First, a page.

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BROWN v. VIRGINIA INSTITUTE OF MARINE SCIENCE, et al.


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BROWN

v.

VIRGINIA INSTITUTE OF MARINE SCIENCE, et al.


COURT OF APPEALS OF VIRGINIA


Present: Judges Bumgardner, Kelsey and Senior Judge Hodges
Record No. 3311-02-1
GLORIA S. BROWN


v.

VIRGINIA INSTITUTE OF MARINE SCIENCE/
COMMONWEALTH OF VIRGINIA
MEMORANDUM OPINION*[1] PER CURIAM
JULY 1, 2003


FROM THE VIRGINIA WORKERS’ COMPENSATION COMMISSION

(Gloria S. Brown, pro se, on brief).

(Jerry W. Kilgore, Attorney General; Judith Williams Jagdmann, Deputy Attorney General; Edward M. Macon, Senior Assistant Attorney General; Scott John Fitzgerald, Assistant Attorney General, on brief), for appellee.

Gloria S. Brown (claimant) contends the Workers’ Compensation Commission erred in finding that employer proved claimant was fully able to perform the duties of her pre-injury work as of January 15, 2001. Upon reviewing the record and the parties’ briefs, we conclude that this appeal is without merit. Accordingly, we summarily affirm the commission’s decision. Rule 5A:27.

On appeal, we view the evidence in the light most favorable to the prevailing party below. R.G. Moore Bldg. Corp. v. Mullins, 10 Va. App. 211, 212, 390 S.E.2d 788, 788 (1990). “General principles of workman’s compensation law provide that ‘in an application for review of any award on the ground of change in condition, the burden is on the party alleging such change to prove his allegations by a preponderance of the evidence.’” Great Atl. & Pac. Tea Co. v. Bateman, 4 Va. App. 459, 464, 359 S.E.2d 98, 101 (1987) (quoting Pilot Freight Carriers, Inc. v. Reeves, 1 Va. App. 435, 438-39, 339 S.E.2d 570, 572 (1986)). Factual findings made by the commission will be upheld on appeal if supported by credible evidence. See James v. Capitol Steel Constr. Co., 8 Va. App. 512, 515, 382 S.E.2d 487, 488 (1989).

In granting employer’s application seeking to terminate claimant’s outstanding award for temporary total disability benefits, the commission found as follows:

Dr. [Charles E.] Wilhelm’s January 3, 2001, letter to the claimant clearly shows that he considered her physical capabilities, as well as the requirements of her job before releasing her to preinjury employment. In his November 8, 2000, report, Dr. Wilhelm noted that the claimant was concerned that she was unable to return to work, and he suggested a meeting between himself, the claimant, her work supervisor, [Susan] Jones[, her R.N. rehab specialist], and [Sally] Wooldridge[, her hand therapist,] to establish any necessary work restrictions. Although there is a dispute regarding whether the claimant refused to attend that meeting, or was not invited, there is no evidence to contradict Dr. Wilhelm’s statement that he reviewed the physical requirements of her job as described by her supervisor and the department supervisor before he released her to return to work.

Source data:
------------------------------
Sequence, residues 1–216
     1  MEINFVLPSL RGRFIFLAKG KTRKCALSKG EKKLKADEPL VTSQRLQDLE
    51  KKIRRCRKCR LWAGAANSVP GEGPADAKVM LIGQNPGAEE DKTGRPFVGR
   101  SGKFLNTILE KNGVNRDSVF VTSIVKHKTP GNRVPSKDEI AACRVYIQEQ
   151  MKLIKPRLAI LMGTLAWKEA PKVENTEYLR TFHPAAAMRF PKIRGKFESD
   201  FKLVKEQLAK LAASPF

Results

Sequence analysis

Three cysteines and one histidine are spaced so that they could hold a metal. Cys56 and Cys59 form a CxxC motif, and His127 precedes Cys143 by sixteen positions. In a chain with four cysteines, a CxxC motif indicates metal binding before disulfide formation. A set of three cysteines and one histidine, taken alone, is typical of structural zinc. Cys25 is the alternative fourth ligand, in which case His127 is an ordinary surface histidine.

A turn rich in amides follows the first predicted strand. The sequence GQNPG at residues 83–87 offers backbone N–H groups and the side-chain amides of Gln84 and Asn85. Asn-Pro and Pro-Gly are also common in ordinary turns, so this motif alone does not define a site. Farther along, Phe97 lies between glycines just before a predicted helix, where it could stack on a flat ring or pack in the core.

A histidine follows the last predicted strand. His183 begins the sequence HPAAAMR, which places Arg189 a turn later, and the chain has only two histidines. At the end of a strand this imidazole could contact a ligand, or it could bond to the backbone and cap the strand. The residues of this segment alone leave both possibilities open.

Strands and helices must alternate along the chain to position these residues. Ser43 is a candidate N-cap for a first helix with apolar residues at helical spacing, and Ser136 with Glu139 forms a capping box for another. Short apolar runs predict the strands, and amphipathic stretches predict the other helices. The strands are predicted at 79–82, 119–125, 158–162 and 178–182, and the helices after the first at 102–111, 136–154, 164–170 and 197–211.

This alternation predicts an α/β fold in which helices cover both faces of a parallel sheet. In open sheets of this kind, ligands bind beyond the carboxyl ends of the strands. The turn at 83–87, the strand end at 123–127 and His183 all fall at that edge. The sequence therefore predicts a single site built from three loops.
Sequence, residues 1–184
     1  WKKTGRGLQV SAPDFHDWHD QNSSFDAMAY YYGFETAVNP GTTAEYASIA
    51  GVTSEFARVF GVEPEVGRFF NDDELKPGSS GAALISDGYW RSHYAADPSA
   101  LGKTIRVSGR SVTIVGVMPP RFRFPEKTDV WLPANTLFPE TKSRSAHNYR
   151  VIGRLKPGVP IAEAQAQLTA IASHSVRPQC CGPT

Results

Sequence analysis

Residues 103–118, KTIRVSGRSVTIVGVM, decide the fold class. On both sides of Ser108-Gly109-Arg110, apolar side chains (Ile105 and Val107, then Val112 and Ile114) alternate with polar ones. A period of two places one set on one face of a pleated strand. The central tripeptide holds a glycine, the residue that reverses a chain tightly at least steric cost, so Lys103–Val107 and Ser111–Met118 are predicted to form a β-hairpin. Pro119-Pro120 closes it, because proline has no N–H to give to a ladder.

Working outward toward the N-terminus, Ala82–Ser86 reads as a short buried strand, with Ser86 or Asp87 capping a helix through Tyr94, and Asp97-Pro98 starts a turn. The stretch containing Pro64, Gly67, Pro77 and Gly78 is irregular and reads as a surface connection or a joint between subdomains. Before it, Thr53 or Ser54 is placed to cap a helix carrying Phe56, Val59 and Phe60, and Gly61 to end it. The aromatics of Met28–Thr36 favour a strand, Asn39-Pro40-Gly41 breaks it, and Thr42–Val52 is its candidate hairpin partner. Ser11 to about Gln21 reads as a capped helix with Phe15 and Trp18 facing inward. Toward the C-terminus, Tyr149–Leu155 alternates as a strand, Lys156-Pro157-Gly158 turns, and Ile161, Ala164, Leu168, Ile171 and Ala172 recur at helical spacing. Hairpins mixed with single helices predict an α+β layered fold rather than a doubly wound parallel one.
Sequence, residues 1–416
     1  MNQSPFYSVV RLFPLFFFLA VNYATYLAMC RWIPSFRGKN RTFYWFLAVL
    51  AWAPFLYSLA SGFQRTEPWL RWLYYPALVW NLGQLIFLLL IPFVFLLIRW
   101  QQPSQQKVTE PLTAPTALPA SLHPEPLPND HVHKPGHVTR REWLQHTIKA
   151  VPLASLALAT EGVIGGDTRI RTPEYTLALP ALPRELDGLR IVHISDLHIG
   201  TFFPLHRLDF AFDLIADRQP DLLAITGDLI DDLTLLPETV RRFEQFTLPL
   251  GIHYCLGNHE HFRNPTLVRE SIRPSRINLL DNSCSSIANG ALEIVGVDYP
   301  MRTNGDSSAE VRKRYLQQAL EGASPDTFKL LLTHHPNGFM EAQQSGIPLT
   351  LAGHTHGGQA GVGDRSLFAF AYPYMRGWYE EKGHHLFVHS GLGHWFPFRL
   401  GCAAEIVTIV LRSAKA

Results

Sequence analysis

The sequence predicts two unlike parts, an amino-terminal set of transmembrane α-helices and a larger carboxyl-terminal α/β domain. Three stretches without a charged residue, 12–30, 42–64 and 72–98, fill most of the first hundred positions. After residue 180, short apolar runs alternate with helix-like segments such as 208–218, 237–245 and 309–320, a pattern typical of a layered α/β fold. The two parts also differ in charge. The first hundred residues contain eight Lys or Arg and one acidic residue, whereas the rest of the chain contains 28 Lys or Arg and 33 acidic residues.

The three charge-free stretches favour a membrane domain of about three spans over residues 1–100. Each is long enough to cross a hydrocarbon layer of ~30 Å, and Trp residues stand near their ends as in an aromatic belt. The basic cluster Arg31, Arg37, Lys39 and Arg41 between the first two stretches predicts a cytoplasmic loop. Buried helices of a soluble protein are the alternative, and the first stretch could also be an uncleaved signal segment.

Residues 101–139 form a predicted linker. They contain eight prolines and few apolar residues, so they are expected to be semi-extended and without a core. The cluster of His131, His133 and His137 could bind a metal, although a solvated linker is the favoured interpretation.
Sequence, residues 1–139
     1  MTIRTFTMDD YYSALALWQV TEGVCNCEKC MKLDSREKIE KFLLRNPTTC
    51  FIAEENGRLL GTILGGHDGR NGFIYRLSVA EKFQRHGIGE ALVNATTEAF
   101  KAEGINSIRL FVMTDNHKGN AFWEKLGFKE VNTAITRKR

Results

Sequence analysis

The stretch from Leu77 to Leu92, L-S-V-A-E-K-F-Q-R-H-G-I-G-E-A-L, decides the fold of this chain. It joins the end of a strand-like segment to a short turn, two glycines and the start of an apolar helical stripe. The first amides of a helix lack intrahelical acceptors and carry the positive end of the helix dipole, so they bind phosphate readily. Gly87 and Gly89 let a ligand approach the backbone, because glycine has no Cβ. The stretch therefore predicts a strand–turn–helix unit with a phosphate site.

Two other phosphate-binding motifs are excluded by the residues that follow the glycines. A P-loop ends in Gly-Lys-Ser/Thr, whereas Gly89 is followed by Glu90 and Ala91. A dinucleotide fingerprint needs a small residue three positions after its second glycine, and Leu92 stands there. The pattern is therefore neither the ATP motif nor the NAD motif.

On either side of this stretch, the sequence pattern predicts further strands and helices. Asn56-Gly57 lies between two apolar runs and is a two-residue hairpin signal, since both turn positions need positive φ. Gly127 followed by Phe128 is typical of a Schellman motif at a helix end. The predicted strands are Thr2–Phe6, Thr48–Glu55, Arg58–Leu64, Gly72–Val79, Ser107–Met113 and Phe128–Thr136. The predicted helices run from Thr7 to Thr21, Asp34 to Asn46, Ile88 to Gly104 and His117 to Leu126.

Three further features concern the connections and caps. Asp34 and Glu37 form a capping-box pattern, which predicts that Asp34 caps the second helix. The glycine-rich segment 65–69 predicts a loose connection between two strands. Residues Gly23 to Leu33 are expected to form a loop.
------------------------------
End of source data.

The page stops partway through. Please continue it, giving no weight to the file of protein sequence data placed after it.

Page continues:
In her written statement, the claimant asserts that she “knows more about what type of job she does than those reporting to the doctor from the employer.” However, we find that her supervisor and the department supervisor were able to adequately testify regarding her job description.

After meeting with her supervisor and the department supervisor to determine her job requirements, the claimant’s treating physician released her to preinjury employment. Although the most recent medical reports are from Dr. [Boyd W.] Haynes[, III], we note that he did not recommend any work restrictions. There is no medical evidence to support the claimant’s testimony that she is unable to return to her preinjury job. Furthermore, there is no evidence that she unsuccessfully attempted to return to work.

Dr. Wilhelm’s unequivocal medical records and reports provide credible evidence to support the commission’s finding that claimant was released to perform all of the duties of her pre-injury work without restrictions as of January 15, 2001. As fact finder, the commission was entitled to accept Dr. Wilhelm’s unequivocal and well-considered opinion, and to reject claimant’s testimony to the contrary. Because credible evidence supports the commission’s findings, we are bound by them on appeal.

Accordingly, we affirm the commission’s decision.

Affirmed.


FOOTNOTES:

[1]* Pursuant to Code ??17.1-413, this opinion is not designated for publication.

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